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BYU newcomers are better prepared for second season in Provo

Brigham Young running back LJ Martin (27) celebrates after scoring a touchdown during the first half of an NCAA college football game against Kansas Saturday, Sept. 23, 2023, in Lawrence, Kan.

Life provides a first time for everything and sometimes football allows a second time to do it better. BYU receiver Darius Lassiter and running back LJ Martin can’t wait for round two. The two newcomers spent moments during their 2023 debut season with no idea what was going on.

“It took me about five games before I had a grasp on things,” Martin told the “Y’s Guys” podcast this week. The true freshman from El Paso, Texas, entered fall camp expecting to redshirt. As practice went on, and with injuries sidelining Hinckley Ropati and Aidan Robbins, Martin found himself on the field, but without a handle on the playbook.

“I was back there (in the backfield) and we are looking at the signals (from the sideline) but I don’t trust myself with the signals because I’m still learning them,” Martin said of his debut moment. “So, I’m out there asking (quarterback) Kedon (Slovis), ‘Can you repeat the play for me?’ I did three fakes and came back out.”

Slovis provided a steady dose of in-game tutoring for Martin, especially on plays when he was getting the ball and which direction he was supposed to go. Lassiter arrived at BYU as a veteran transfer from Eastern Michigan. However, his time with the playbook had been limited, too.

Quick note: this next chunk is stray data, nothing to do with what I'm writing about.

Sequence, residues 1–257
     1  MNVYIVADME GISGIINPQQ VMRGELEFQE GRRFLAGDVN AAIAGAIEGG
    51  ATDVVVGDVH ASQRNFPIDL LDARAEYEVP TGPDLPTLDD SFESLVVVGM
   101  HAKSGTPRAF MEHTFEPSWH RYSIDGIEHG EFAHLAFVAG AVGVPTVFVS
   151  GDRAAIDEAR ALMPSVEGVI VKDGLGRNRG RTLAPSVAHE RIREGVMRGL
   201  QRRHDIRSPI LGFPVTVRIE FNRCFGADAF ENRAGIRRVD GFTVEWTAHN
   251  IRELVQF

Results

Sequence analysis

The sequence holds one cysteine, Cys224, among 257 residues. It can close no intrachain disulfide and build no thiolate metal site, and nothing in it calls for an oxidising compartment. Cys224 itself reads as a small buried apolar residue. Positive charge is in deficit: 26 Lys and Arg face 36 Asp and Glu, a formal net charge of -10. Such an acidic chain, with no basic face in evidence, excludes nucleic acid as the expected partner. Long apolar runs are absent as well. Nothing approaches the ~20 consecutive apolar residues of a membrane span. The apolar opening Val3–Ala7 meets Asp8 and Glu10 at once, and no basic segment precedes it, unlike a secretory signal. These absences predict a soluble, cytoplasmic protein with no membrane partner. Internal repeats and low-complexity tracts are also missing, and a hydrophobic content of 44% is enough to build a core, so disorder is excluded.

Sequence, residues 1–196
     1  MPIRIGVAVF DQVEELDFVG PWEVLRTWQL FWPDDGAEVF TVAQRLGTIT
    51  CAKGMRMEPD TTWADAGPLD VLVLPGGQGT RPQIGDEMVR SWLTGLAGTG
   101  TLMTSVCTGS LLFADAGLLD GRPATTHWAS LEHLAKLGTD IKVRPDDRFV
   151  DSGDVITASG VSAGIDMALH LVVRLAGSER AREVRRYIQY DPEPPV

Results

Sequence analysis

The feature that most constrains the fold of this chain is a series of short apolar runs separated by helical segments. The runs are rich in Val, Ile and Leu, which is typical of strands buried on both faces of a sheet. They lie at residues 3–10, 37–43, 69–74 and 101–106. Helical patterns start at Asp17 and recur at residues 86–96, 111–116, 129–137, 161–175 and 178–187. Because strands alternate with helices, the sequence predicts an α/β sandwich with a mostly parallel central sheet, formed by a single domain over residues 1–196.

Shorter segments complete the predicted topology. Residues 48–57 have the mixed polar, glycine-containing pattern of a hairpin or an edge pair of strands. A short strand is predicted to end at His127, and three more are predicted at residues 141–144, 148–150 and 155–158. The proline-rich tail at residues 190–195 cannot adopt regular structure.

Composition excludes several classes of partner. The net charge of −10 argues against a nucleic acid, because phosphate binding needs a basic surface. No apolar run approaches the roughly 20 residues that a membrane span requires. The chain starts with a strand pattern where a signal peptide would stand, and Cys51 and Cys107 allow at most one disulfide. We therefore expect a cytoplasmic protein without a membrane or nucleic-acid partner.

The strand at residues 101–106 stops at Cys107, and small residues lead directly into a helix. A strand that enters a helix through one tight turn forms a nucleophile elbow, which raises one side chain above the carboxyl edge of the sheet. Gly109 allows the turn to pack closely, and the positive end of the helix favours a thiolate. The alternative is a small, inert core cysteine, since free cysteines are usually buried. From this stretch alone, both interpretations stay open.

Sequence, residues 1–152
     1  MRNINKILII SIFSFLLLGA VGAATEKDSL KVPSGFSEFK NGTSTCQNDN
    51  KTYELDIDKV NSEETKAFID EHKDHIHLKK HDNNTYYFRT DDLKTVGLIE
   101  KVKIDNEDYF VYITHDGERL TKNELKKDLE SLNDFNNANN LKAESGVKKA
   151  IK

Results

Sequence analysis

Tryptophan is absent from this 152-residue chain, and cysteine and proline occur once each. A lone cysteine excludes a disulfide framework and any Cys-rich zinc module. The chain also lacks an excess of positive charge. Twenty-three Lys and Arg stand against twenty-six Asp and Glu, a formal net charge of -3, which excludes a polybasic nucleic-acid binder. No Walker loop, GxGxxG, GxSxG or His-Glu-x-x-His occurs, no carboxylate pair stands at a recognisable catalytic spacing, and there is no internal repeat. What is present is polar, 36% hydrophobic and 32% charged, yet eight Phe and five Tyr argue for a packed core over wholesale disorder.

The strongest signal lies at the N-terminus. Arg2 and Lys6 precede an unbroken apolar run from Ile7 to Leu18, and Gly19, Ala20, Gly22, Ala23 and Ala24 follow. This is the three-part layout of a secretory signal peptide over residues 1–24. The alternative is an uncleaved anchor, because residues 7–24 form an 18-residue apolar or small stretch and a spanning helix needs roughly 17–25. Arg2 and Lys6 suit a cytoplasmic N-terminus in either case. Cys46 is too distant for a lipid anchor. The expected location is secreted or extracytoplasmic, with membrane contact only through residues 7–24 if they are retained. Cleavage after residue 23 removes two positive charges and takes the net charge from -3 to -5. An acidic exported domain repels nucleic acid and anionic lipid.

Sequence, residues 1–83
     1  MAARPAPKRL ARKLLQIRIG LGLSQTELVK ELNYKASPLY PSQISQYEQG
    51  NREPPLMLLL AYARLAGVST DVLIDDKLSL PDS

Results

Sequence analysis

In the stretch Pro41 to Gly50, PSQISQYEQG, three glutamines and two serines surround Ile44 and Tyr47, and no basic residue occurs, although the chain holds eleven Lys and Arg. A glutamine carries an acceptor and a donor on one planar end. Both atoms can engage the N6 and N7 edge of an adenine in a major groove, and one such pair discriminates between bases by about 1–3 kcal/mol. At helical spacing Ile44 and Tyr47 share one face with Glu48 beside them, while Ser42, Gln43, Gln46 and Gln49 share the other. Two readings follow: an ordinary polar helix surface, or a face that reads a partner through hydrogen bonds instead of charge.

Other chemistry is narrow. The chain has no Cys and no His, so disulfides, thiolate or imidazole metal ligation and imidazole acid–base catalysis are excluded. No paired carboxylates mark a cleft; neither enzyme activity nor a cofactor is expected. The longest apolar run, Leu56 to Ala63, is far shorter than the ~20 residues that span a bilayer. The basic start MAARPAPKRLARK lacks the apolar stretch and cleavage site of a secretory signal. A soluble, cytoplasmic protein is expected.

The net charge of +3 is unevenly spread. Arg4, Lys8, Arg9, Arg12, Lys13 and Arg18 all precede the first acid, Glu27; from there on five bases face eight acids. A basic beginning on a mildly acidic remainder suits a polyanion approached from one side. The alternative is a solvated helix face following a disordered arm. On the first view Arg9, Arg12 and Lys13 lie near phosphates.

Against Texas Tech, Lassiter lined up on the left side of the field with no idea that Slovis was going to throw to him. He went one way, and the ball went the other.

“I was running back to the huddle and Kedon says, ‘Hey, you can see the signals, right?’” Lassiter told the “Y’s Guys” podcast. “I could see them, but I didn’t know what they meant.”

Slovis settled things

Lassiter and Martin weren’t alone. Keelon Marion, another transfer, and redshirt freshman Parker Kingston were also new to the playbook. So were several big bodies on the offensive line. Considering their conundrum, it’s a wonder BYU managed any offense at all.

The burden on Slovis, a newcomer himself, was immense. Injuries to receivers Kody Epps and Keanu Hill meant the new faces had to play. The Pittsburgh/USC transfer was asked to spend his final season of eligibility running an offense with teammates that weren’t completely sure where they were running.

“Kedon knew the whole playbook,” Lassiter said. “He held it together.”

With Slovis, BYU was 5-2, but after he suffered a season-ending elbow injury at Texas, the Cougars finished 0-5.

Older and wiser

Slovis is preparing for the NFL draft, but those he helped bring along last season, including Lassiter and Martin, are back and most importantly, they are wiser with the playbook.

“I was still in the learning phase last year. Now I know the nuances of the offense and what it’s supposed to look like,” said the 6-foot-3 Lassiter, who caught 29 passes for 365 yards and four touchdowns. “It’s easier to read coverages. It’s a lot of little things that I didn’t pick up quick enough as I should have. Having a year and this spring under my belt, I feel like everything is slowing down for me and coming together.”

Martin led the Cougars with 518 yards rushing and four touchdowns. He also caught 11 passes and a touchdown. The 6-2, soon-to-be sophomore has added 20 pounds in the offseason and plans to run at 225 this fall.